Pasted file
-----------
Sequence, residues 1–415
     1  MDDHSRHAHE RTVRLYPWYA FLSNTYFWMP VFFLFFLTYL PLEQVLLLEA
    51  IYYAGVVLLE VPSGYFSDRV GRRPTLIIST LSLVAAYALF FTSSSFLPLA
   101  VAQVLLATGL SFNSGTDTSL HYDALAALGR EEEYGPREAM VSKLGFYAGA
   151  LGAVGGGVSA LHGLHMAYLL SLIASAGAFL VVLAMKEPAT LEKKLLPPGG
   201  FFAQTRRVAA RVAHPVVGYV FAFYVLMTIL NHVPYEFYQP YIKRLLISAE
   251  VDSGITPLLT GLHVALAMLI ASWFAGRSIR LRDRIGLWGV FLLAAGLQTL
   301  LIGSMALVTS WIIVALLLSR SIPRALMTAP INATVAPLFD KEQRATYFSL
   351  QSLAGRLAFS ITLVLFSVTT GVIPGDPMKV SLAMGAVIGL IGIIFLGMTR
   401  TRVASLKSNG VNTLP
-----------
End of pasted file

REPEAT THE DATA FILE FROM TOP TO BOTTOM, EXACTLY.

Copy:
Sequence, residues 1–415
     1  MDDHSRHAHE RTVRLYPWYA FLSNTYFWMP VFFLFFLTYL PLEQVLLLEA
    51  IYYAGVVLLE VPSGYFSDRV GRRPTLIIST LSLVAAYALF FTSSSFLPLA
   101  VAQVLLATGL SFNSGTDTSL HYDALAALGR EEEYGPREAM VSKLGFYAGA
   151  LGAVGGGVSA LHGLHMAYLL SLIASAGAFL VVLAMKEPAT LEKKLLPPGG
   201  FFAQTRRVAA RVAHPVVGYV FAFYVLMTIL NHVPYEFYQP YIKRLLISAE
   251  VDSGITPLLT GLHVALAMLI ASWFAGRSIR LRDRIGLWGV FLLAAGLQTL
   301  LIGSMALVTS WIIVALLLSR SIPRALMTAP INATVAPLFD KEQRATYFSL
   351  QSLAGRLAFS ITLVLFSVTT GVIPGDPMKV SLAMGAVIGL IGIIFLGMTR
   401  TRVASLKSNG VNTLP